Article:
Public land managers and other officials are considering more restrictions of recreation activities to curb abuse of the vast Tonto National Forest just north of the East Valley.
The 2.9 million acres of Sonoran Desert beyond Mesa and Scottsdale are activity hot spots where thousands flock each week to hike, bike, sightsee, camp, drive off-road vehicles, shoot firearms and party day and night.
Each year, though, the East Valley’s population growth puts more environmental strain on the land.
And more conflicts are occurring among the various types of recreational uses, said Mesa City Councilman Rex Griswold.
Griswold is the city’s representative with Friends of the Tonto, a group working with the U.S. Forest Service to deal with user impact issues.
"Places (in the East Valley) that used to be hunting grounds are now housing developments. The Tonto Forest is the last big open space we have," Griswold said. "We have to be protective of it."
The challenge is finding a balance between protecting the land and giving the public adequate use, said Art Wirtz, chief ranger for the Tonto’s 440,000-acre Mesa District.
Thornier issues involve what Forest Service officials call "extreme" forms of recreation — mainly involving offroad vehicles and firearms.
Shooting has been banned across 80,000 acres of forest closest to growing residential developments in east Mesa, Apache Junction and north Scottsdale areas.
Still, stray bullets whiz near neighborhoods and other forest users, and there’s also a trash problem when abandoned household appliances and computers are used as targets and then left in the forest, Wirtz said.
Tens of thousands of additional acres are closed to offroad vehicles. Much of that land was burned a few months ago by the Cave Creek Complex wildfire, which spread to half of the Tonto’s 600,000-acre Cave Creek District north of Scottsdale.
The Rolls and Sycamore Creek areas about 10 miles north of Mesa have not been hit by wildfires. But environmental damage from years of heavy use by off-road vehicles has Tonto officials considering tough restrictions, Wirtz said.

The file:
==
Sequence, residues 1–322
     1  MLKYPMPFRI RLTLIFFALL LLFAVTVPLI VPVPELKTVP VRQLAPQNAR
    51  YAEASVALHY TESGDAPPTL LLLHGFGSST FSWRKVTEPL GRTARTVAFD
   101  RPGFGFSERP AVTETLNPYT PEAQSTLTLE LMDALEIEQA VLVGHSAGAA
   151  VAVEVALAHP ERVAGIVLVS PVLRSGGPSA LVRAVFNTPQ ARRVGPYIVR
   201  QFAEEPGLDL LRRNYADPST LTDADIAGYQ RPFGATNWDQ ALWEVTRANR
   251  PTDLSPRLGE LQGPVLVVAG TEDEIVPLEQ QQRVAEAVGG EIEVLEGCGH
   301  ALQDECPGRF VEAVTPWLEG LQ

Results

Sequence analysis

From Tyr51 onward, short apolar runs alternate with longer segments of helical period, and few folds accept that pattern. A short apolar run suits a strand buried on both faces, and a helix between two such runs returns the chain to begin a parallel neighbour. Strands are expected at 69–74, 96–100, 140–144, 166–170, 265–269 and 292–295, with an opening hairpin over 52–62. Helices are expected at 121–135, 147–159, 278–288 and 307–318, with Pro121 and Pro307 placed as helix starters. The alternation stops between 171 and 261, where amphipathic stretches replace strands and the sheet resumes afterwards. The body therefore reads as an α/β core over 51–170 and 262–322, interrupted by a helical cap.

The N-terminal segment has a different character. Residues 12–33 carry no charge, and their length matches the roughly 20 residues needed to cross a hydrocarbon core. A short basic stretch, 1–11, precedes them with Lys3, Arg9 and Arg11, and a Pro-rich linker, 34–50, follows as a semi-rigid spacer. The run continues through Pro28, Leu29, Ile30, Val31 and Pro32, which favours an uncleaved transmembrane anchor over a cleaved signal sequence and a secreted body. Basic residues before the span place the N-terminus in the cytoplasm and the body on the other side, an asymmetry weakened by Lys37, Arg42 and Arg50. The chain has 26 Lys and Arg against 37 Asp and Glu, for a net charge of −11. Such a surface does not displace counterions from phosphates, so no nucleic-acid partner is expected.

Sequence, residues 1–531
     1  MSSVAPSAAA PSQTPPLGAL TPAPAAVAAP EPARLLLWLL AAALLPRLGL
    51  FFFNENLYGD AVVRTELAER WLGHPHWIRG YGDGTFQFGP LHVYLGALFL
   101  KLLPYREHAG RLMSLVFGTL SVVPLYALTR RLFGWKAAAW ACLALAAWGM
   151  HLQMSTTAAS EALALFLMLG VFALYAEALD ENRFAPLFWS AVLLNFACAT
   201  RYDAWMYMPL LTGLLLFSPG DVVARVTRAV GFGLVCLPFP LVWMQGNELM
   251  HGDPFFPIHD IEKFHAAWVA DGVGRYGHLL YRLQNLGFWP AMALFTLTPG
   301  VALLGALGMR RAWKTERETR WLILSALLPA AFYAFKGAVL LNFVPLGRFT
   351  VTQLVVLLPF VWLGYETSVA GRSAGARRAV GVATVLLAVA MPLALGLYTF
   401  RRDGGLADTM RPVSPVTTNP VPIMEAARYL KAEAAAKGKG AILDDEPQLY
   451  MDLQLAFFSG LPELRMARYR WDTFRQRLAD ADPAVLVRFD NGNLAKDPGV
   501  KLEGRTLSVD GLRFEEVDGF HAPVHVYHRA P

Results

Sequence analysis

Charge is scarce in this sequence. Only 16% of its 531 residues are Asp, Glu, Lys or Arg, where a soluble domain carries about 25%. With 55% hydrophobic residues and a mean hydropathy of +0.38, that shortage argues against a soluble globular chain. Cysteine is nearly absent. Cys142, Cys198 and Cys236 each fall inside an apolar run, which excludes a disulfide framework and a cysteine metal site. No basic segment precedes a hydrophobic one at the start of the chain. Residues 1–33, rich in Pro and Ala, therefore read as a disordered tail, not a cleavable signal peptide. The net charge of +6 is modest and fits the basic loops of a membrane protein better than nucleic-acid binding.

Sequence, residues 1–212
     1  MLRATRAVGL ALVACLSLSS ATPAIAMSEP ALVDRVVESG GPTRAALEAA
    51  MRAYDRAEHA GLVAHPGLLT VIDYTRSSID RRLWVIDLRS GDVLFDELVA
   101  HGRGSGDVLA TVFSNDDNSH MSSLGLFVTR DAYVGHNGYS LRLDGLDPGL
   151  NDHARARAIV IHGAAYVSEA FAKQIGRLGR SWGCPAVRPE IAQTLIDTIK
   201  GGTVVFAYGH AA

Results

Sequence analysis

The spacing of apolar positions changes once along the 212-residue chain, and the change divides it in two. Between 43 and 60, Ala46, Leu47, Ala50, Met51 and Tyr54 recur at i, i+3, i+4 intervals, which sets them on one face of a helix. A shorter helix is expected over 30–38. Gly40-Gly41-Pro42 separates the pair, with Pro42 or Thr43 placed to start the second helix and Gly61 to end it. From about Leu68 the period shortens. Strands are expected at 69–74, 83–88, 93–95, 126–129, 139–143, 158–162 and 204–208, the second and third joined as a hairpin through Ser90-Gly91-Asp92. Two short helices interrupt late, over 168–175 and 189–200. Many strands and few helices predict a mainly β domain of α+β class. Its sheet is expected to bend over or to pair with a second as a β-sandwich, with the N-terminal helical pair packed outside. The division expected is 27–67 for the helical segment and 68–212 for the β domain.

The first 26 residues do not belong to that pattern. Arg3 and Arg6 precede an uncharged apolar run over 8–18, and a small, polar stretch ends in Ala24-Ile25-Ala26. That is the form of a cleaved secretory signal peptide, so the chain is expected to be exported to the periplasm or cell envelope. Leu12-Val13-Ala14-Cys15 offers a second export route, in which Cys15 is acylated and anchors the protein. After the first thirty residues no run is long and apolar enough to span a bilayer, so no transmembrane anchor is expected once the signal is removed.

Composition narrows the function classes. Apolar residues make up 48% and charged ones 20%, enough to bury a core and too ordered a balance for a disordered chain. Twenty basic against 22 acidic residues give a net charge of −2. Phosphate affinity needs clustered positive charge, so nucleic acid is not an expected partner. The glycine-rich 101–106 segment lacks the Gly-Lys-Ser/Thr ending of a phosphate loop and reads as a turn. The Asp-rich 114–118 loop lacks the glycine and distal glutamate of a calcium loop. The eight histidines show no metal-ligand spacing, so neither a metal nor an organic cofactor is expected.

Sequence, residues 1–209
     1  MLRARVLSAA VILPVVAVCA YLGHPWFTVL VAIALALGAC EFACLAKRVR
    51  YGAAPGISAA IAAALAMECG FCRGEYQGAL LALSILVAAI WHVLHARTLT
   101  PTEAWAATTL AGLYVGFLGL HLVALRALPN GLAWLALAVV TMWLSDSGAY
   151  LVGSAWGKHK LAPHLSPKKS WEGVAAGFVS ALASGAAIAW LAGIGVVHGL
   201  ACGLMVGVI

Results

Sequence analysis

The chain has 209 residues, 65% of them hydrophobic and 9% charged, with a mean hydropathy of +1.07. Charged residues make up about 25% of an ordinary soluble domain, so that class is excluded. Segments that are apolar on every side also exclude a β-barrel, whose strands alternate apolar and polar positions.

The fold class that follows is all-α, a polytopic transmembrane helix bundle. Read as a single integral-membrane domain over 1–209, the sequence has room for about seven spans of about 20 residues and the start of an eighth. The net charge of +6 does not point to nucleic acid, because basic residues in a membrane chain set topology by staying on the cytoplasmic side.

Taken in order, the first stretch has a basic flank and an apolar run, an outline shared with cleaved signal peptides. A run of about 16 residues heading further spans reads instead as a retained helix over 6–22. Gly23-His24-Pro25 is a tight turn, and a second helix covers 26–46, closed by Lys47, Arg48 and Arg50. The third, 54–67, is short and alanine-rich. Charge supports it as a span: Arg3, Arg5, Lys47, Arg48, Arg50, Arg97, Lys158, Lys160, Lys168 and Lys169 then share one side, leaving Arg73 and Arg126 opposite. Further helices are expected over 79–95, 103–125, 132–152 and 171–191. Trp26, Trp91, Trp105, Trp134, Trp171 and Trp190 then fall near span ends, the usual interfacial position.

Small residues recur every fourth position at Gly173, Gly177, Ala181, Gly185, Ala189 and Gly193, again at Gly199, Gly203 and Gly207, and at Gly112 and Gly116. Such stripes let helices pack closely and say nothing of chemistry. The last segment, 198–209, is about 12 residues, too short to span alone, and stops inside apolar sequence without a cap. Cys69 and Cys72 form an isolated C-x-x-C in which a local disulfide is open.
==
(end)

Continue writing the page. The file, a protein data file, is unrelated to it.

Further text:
The Sycamore Creek area also is popular for other troublesome uses that restrictions could reduce: Rave parties and drag racing.
"It’s not always a familyfriendly area because of those activities," said Tammy Pike, the Tonto’s trails and off-road motor vehicle use coordinator. Alcohol and drug use are often involved, officials said.
Some off-road enthusiasts who don’t want to see the problems lead to a ban on their sport have formed Friends of the Sycamore. The group is meeting with the Forest Service to explore alternatives.
Some off-roaders have earned their notorious reputation for flouting the rules and displaying a disregard for nature, said Mesa resident Sandee McCullen, a leader of the Arizona OHV (Off-Highway Vehicle) Coalition.
But more of them understand they’ll lose popular riding areas unless they act responsibly, she said.
"Education is the solution," she said. "Some people still don’t want to get educated. They just want to play. But that attitude of ‘catch me if you can’ is changing."
Tempe resident Rich Smith, a Friends of the Sycamore leader, said offroaders would be willing to accept restrictions and fees if it means adding facilities such as parking lots, staging areas and signs at Sycamore Creek.
"A lot of people don’t know (the area) is part of a national forest. They think it’s just some place out in the desert nobody really cares about," Smith said.
If they see user-friendly amenities added, "they’ll get the message that it’s not a place to misbehave," he said.
The proposal is similar to what all types of Tonto users are asking for: "They all want their own trails," Pike said.
Off-roaders want exclusive areas. Mountain bikers want trails set aside only for bikers. Equestrians want trails where they and their horses won’t have to contend with mountain bikers and motorized vehicles.
The tight budgets Forest Service officials expect for the foreseeable future are going to make it difficult to satisfy such requests, Pike said.
Protecting the Tonto’s terrain in times of limited funding may demand more user fees and gating of some areas to control use, Wirtz said.
Tonto officials don’t want to rule by decree — they’ll bring the public into the
decisionmaking process, he said.
"We want people to understand that forest management isn’t just about limiting access," Wirtz said. "It doesn’t eliminate valid recreational uses. It’s about stopping inappropriate and illegal uses. That benefits everyone."